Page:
Best Wood for Smoking Bone Marrow

When it comes to infusing that irresistible smoky flavor, a few woods really hit the mark. Hickory is a classic choice for me. It delivers a robust and slightly sweet taste. If you're after a milder, fruitier vibe, go for applewood. Mesquite is another popular option, packing a punch with its bold and earthy profile. Now, if you're looking for some easy shopping, here are a couple of products to get you started:

Jack's Hickory Wood Chips

You'll get that classic, robust hickory flavor with these premium wood chips. They're perfect for infusing your bone marrow with a smoky flavor.

Weber Applewood Chunks

You can add a touch of fruity sweetness to your bone marrow with these applewood chunks. You can't miss it with these wood chunks. They'll give your dish a delightful, mellow smokiness. 

Is it OK for Humans to Eat Bone Marrow?

Yes, absolutely! Humans can chow down on bone marrow without any worries. By the way, humans have been munching on that stuff for millenniums. The prehistoric humans, I read, ate bone marrow as if it were canned soup as far back as 400,000 years ago, and it's a big deal in many cuisines worldwide.

I know we're no longer Neanderthals. But bone marrow is not only delicious but also packed with nutrients that are good for you. The collagen in it helps to maintain joint, skin, and bone health.

We're talking of essential fatty acids, vitamins like A and B12, minerals like iron and riboflavin, and a bunch of other goodies. 

Also, healthy bone marrows release more blood cells into the bloodstream. It helps the body produce the white cells needed to boost immunity. 

No wonder folks go gaga over it!

The good thing is you can enjoy bone marrow in various ways. Roast it, braise it, or hey, smoke it if you're feeling adventurous. When you're done, slap that meat butter on some crusty bread such as a French baguette or toasted sourdough. You can even mix it into sauces, make it as bone broth, or toss it into hearty stews and soups. The possibilities are endless!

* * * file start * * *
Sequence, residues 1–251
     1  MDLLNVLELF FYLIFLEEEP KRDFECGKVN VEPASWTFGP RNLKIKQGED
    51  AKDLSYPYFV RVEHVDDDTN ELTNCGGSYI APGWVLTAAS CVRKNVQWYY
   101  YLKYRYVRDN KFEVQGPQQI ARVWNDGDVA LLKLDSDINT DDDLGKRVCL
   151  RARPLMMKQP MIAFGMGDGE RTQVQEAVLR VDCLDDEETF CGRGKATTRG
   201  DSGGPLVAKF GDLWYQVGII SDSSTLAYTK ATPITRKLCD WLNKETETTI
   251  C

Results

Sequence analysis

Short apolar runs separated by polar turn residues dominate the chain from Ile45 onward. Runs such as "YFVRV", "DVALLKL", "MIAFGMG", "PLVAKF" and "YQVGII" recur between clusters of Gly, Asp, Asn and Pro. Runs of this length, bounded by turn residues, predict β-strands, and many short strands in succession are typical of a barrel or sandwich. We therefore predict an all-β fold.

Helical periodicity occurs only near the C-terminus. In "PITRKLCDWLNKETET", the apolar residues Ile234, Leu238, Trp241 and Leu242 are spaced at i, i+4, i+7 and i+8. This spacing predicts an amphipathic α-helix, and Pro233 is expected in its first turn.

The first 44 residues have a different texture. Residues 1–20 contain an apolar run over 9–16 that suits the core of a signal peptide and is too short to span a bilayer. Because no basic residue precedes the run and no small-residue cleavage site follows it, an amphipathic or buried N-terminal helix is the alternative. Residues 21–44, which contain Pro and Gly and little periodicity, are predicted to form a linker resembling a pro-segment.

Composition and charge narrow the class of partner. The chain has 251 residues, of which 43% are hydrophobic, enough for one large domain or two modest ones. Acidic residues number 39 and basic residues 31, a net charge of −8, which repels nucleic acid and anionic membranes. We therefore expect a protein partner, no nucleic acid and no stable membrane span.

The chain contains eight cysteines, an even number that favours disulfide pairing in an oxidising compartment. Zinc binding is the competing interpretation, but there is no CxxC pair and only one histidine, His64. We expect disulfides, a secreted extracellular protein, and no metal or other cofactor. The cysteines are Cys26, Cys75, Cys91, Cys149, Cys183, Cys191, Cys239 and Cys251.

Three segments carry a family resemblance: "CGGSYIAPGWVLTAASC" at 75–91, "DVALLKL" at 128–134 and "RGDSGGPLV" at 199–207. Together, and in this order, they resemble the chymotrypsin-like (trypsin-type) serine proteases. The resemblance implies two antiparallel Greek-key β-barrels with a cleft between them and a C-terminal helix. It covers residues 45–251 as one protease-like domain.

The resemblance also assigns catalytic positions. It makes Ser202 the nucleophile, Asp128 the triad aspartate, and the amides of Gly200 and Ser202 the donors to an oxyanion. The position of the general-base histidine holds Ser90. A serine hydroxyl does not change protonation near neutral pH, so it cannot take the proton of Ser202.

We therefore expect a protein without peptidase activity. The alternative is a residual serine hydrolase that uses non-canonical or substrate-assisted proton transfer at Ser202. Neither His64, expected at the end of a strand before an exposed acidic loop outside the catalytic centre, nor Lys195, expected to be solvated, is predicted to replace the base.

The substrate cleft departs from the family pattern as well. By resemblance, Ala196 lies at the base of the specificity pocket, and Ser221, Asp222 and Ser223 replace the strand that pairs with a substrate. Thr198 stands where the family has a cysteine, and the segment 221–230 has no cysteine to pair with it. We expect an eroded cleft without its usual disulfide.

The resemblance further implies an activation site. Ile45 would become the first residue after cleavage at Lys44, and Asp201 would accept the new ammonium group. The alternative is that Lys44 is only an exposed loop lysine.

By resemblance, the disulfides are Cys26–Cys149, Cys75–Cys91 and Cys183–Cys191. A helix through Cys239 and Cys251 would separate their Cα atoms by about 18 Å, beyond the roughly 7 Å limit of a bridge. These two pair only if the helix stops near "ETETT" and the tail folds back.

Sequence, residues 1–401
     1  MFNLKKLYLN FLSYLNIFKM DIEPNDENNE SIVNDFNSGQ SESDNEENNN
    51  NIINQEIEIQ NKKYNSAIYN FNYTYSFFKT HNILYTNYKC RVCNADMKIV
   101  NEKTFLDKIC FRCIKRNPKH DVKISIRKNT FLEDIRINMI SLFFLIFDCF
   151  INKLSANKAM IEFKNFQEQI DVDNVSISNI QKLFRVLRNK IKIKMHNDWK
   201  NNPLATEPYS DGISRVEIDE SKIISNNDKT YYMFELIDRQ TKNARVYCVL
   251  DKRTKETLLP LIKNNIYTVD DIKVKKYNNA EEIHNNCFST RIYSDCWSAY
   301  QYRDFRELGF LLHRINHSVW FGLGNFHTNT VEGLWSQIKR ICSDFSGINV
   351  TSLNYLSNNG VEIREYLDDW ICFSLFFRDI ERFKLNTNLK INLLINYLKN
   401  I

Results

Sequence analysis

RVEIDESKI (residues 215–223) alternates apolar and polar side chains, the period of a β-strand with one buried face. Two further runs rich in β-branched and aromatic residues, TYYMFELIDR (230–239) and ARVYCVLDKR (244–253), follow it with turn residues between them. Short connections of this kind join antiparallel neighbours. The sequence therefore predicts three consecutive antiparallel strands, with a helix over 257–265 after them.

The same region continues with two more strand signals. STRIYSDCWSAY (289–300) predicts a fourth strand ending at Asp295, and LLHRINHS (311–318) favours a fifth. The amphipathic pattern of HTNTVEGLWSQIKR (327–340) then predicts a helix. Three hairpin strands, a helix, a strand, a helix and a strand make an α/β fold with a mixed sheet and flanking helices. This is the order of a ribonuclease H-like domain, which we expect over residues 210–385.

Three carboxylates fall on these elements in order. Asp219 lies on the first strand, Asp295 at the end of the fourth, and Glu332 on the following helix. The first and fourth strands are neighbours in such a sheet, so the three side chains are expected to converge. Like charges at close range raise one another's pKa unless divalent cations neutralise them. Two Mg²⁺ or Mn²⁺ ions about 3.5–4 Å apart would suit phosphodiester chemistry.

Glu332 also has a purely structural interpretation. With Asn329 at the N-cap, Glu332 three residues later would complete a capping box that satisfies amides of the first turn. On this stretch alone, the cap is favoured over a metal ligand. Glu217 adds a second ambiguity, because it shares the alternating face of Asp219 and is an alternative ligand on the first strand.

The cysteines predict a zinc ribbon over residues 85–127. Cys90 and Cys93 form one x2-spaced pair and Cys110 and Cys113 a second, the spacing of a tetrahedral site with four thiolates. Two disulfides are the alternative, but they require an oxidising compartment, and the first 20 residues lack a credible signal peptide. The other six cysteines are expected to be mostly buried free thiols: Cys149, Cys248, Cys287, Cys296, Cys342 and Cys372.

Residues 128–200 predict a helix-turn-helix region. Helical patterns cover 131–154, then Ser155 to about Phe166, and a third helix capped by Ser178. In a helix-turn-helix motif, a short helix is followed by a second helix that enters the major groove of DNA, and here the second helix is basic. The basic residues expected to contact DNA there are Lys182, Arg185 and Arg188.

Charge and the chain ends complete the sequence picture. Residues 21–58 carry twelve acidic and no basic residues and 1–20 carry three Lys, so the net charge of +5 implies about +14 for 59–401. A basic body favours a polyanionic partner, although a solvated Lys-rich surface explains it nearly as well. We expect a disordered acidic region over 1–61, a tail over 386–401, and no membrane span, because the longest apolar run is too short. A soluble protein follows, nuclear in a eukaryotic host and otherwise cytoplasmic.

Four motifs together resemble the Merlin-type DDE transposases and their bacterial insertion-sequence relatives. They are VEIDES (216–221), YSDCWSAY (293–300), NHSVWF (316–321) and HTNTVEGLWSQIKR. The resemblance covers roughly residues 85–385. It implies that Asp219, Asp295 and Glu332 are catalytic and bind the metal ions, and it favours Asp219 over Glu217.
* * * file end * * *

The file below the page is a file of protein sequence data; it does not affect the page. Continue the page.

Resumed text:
Now, listen up. Moderation is essential here. Bone marrow is somewhat fatty and calorie-packed, so don't go hog wild on it. Just keep it balanced. And if you have any specific dietary concerns or medical issues, it's always wise to chat with a healthcare pro. Better safe than sorry, right?

Conclusion

The beef bone and its marrow is something we often overlook.  But when smoked, this is a unique and epic culinary attempt. The rich, buttery flavors and the velvety texture always make it taste different.

I've spilled the beans on the smoking secrets, dished out tips for nabbing the perfect bones, and even thrown in an easy-peasy smoked bone marrow recipe for you all to try at home. So gather your pals, fire up that grill, and see what the experience is and what it tastes like by yourself. 

By Kristy J. Norton
I'm Kristy – a chef and connoisseur of all things BBQ! You can find me either in my kitchen (or someone else's) or at a big outdoor barbecue surrounded by friends and family. In both my professional and personal life I’ve picked up more than a few tips and tricks for turning out delicious food. I consider it a privilege to share it with others!